Much is made of the redemption concept but in this opera, that really pertains exclusively to men. Either women are apparently not redeemable – as in the case of the never-seen-or-heard Nina - or didn’t need redeeming, as Minnie.
But what seems to be shorted in reviews of the time and has reverberated in some later ones too is the importance and centrality of women in America’s settlement of the West. Minnie’s personification of the independent, take-no-prisoners Western woman is, I would argue, the real theme of this opera. Not only did she carry a gun and knew how to use it, (see photo right (c)Ken Howard for the Santa Fe Opera 2016) but she also owned property - in her case the Polka and her cabin in the woods – unlike women in the US and elsewhere yet to obtain even the basic right of property ownership let alone the vote.
The letters home and journals that women who took part in the Western migration kept religiously or otherwise detailing their experiences demonstrate this unequivocally.
Minnie, therefore, foreshadows and exemplifies the changing role of women elsewhere in the US and Western Europe in the mid-late nineteenth century and the decades that followed: just think of Susan B Anthony and the suffragettes and their demands for equal rights and the vote, property ownership and racial and sexual equality. This movement had risen during the same time period.
Puccini has told us that he is in love with Minnie -and since he was not in love with his wife – it’s easy to understand how he could be infatuated with someone so very different. Even an imaginary someone. Or perhaps particularly an imaginary someone imbued with spunk, determination, independence of mind and character but who he idealistically holds above the fray.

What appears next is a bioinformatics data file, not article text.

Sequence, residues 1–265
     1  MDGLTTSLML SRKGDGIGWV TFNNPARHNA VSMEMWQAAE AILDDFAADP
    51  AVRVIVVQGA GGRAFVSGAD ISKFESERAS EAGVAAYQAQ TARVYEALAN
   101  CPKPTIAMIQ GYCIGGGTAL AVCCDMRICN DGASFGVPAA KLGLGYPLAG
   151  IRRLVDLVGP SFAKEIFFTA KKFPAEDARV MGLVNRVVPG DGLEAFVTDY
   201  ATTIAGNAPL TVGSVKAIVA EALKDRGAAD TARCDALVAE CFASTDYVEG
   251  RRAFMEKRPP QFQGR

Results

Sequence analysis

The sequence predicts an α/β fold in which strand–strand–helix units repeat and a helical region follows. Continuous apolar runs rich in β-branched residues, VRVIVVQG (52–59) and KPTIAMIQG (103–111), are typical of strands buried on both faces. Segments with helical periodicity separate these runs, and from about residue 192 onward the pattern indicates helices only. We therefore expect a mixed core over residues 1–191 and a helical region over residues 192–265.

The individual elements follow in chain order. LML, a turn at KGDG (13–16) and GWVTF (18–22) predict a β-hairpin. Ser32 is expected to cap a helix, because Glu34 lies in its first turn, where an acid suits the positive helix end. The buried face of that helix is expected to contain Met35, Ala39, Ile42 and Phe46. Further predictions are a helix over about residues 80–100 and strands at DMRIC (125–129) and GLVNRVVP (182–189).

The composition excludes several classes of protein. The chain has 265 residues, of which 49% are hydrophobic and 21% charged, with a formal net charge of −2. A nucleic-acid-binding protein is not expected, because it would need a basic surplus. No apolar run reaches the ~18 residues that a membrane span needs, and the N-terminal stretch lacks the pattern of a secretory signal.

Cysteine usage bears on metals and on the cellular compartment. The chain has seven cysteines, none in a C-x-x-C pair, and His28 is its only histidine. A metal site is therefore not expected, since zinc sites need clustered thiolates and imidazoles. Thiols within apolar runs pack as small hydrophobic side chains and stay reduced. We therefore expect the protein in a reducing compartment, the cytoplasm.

Books and articles have been written that extol the role of the pioneer women who settled the West. Despite the almost entirely male cast in the Girl of the Golden West (see photo left of bored miners and sheriff Rance (c) Ken Howard for the Santa Fe Opera 2016) which would have been true to reality in a 1849 California gold mining town, it wasn’t just men who made the journey westward on ships around the Horn, on the wagon trains or ultimately by train although young men were certainly in overabundance in the Gold Rush. The women who went too were young, adventurous, often not particularly virtuous, far fewer than the men and as Minnie shows, afraid of nothing and nobody. They were their own selves. Patricia Racette portrays this spirit remarkably well.
Yet, few of the men who took part in the Gold Rush resembled those portrayed in the opera. Here’s why. California history tells us that the miners were mostly literate, young, and from families of some means. They wrote copious letters home and awaited impatiently for letters from their families – Puccini got that part right - which is why so much is known about them: the Gold Rush itself lasted only about ten years. Belasco, the playwright, came from one of those families so it is surprising that he characterized the miners – this opera’s Greek chorus -the way he did. I too have ancestors from a middle class New England family who came by ship around the Horn to San Francisco, became miners in the Mother Lode’s Angels Camp (best known by Mark Twain’s 1867 “Celebrated Jumping Frog of Calaveras County"), but quickly saw the light and opened the first lumber mill there instead.